Desktop vs. Server Access - Localization Matters
The graph above lays out the access pattern of an "intense" single-user session. An average queue depth of 4 was achieved by copying a folder of files (9.31 GB, 2035 files of varying sizes) to another drive while copying the same set of files from the other drive to this target drive while defragmenting the disk while running a full spyware scan while running a full antivirus scan.
Note that even under this highly unlikely concurrency, accesses remain localized; in other words, the drive attempts to get as much done within a given area before surrendering itself to a broad stroke that takes its read/write heads to a different location. As a result, a drive's read-ahead and write-back strategies associated with the buffer and firmware code weigh heavily on overall performance.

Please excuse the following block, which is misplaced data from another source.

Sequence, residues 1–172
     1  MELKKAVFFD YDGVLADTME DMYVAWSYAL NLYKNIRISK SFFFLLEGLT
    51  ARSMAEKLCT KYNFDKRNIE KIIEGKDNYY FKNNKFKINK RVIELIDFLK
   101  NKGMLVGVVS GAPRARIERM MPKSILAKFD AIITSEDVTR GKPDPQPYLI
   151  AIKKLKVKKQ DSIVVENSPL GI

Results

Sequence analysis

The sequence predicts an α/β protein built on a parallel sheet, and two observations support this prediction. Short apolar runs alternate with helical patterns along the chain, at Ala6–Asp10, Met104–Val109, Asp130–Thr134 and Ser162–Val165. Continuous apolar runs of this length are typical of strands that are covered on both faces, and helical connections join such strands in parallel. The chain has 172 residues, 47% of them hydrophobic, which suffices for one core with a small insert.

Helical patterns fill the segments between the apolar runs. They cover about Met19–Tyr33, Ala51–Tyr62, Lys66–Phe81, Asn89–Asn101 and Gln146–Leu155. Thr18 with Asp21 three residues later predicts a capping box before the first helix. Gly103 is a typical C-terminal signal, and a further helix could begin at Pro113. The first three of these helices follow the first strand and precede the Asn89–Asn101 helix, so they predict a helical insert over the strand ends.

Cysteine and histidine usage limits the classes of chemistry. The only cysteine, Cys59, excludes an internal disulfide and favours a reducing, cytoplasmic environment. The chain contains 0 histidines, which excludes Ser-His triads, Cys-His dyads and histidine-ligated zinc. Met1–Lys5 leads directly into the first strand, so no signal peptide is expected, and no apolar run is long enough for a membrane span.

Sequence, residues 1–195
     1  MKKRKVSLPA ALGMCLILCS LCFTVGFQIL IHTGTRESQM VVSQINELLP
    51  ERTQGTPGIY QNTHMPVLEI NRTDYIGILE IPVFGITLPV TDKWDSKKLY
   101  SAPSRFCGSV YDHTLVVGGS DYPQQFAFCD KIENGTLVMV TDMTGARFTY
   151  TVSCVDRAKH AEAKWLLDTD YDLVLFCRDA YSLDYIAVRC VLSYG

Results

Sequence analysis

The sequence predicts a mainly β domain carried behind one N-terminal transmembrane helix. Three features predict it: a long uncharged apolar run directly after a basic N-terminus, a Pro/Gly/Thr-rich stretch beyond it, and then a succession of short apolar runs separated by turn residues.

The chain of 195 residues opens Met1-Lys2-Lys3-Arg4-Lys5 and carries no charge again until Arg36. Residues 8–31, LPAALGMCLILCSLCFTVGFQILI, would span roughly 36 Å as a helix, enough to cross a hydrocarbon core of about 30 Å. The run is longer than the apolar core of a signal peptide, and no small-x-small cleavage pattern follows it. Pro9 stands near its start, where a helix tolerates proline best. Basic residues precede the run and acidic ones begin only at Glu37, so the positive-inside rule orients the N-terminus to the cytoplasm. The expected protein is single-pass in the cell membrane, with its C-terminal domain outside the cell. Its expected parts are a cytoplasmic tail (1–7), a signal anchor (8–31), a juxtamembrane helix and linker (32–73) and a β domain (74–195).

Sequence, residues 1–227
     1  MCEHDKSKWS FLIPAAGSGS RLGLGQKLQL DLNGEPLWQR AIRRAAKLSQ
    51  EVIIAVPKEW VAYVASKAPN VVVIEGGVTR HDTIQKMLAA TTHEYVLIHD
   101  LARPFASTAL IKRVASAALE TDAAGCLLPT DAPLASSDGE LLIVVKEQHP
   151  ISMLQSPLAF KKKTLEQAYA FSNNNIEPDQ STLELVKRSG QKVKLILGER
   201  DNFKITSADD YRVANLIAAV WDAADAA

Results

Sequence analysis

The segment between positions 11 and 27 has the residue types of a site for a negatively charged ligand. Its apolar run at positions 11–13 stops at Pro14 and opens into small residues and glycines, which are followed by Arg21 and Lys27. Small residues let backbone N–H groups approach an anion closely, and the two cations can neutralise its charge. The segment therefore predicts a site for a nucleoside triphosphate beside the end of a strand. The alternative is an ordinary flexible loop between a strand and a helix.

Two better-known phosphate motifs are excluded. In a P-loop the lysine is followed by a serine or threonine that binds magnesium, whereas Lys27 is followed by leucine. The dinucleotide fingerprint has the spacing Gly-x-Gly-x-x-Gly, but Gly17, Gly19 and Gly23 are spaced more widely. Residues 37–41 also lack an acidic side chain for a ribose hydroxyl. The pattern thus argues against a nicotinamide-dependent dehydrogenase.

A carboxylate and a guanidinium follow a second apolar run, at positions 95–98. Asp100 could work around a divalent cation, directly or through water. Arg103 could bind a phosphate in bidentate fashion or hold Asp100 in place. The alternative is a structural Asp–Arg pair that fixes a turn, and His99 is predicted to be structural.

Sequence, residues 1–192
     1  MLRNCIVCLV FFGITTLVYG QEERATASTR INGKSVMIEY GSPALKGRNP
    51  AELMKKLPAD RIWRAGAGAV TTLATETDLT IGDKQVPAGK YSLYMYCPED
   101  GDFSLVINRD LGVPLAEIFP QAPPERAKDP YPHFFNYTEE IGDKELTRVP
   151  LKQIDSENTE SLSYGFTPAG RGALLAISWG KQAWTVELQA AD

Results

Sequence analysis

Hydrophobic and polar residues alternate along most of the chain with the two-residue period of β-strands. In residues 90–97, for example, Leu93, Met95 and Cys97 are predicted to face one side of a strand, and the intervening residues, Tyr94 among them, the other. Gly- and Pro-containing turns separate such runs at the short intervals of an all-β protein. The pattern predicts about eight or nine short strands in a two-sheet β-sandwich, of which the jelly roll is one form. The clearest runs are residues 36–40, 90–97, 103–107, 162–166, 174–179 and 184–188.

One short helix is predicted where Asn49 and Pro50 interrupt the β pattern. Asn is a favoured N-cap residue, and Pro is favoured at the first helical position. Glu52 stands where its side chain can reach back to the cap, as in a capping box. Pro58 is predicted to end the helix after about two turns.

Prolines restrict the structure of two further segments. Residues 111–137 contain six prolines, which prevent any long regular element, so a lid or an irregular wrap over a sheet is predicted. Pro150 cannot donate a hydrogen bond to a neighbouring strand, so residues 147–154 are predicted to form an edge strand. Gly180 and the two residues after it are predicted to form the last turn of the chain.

Thus, manufacturers spend considerable time tweaking firmware/code on a drive intended for the single-user market.
The graph above represents the truly random access generated by iometer with an average queue depth of 4. Dispersed reads and writes such as these permeate large database and OLTP servers. Note that since no localization is present, any time spent reading ahead (or behind) for additional data will usually result in performance hit.
As a result, effort spent tweaking firmware/code for single-user access patterns on a drive intended for the enterprise market is wasted and may even be detrimental.